Obama signs $42 billion small business lending bill
Today, President Barack Obama signed a hefty piece of legislation designed to help small businesses around the country in an effort to give the economy an upward boost and to potentially decrease the national unemployment rate from 9.6 percent.
Obama signed into law a $42 billion small business lending bill into law that will include an additional $12 billion in tax breaks for small companies, as well as a $30 billion fund that would be run by the Treasury Department.
In a statement published on the White House's blog, Obama said the bill was geared toward small businesses because they "produce most of the new jobs in this country."
"They are the anchors of our Main Streets. They are part of the promise of America – the idea that if you’ve got a dream and you’re willing to work hard, you can succeed," Obama said.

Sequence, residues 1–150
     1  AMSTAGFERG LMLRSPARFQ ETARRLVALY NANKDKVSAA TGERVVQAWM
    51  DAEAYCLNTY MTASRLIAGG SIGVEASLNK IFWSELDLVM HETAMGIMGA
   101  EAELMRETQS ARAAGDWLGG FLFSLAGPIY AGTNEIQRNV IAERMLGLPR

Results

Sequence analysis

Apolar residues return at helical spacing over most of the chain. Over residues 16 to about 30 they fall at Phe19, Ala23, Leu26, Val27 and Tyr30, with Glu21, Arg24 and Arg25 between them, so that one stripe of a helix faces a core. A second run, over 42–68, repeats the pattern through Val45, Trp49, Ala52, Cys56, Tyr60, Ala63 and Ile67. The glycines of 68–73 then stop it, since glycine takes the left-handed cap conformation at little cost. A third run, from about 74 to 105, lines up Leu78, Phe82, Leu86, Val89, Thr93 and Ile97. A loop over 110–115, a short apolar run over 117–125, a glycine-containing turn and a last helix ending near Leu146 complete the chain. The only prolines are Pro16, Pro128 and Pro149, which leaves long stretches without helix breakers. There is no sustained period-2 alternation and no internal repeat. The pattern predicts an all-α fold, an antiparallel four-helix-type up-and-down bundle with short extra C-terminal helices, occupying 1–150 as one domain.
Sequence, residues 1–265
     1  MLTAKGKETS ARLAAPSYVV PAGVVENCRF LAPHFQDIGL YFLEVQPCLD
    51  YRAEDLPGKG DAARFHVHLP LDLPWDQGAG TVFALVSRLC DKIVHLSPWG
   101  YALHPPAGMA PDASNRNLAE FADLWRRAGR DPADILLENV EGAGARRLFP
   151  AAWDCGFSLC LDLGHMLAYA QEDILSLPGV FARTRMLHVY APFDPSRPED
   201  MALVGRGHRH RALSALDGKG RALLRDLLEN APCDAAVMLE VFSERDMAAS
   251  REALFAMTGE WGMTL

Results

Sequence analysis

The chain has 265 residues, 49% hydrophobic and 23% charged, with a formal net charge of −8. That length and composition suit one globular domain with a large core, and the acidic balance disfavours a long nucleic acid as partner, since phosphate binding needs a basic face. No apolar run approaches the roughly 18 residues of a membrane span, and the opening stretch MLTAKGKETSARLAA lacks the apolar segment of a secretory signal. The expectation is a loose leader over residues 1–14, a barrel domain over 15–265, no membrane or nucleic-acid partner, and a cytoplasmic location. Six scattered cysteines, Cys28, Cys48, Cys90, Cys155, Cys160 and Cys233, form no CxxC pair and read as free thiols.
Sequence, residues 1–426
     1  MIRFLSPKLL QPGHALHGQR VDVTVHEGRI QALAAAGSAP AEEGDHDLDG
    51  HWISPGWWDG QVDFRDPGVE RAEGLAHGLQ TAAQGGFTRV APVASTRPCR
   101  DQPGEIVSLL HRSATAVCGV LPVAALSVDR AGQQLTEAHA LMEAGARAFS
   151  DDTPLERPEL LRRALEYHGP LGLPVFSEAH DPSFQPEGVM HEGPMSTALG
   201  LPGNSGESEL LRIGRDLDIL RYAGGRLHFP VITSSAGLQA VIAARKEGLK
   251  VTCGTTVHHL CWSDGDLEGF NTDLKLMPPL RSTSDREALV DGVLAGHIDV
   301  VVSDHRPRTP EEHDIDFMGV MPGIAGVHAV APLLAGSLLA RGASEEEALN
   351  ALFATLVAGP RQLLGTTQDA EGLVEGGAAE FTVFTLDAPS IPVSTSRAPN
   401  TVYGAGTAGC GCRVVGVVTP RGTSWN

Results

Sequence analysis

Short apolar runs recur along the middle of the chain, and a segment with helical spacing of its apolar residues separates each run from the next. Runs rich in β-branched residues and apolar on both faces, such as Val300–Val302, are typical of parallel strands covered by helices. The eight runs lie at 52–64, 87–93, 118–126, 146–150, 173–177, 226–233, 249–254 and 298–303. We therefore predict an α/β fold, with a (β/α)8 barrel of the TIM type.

However, Obama was quick to mention that the bill was not an overall solution for the country to pick itself up from the recent economic crisis, but that it was a start.
According to a White House fact sheet about the bill, which was published in part by USA Today, the bill will allow small businesses to write off the first $500,000 of any new equipment they purchase.
It will also provide some relief for new small businesses, adding that entrepreneurs could deduct the first $10,000 of their start-up costs.
The announcement of the bill signing may add a boost to some Democratic Congressional races, some of which have been struggling against Republican candidates who have used the weak job market and unemployment rate as the cornerstone of their campaign.
Republicans have been quick to describe the bill as "a smaller version of the unpopular Wall Street bank rescue effort," which didn't go through until two GOP senators, George Voinovich of Ohio and George LeMieux of Florida, broke rank, Reuters reports.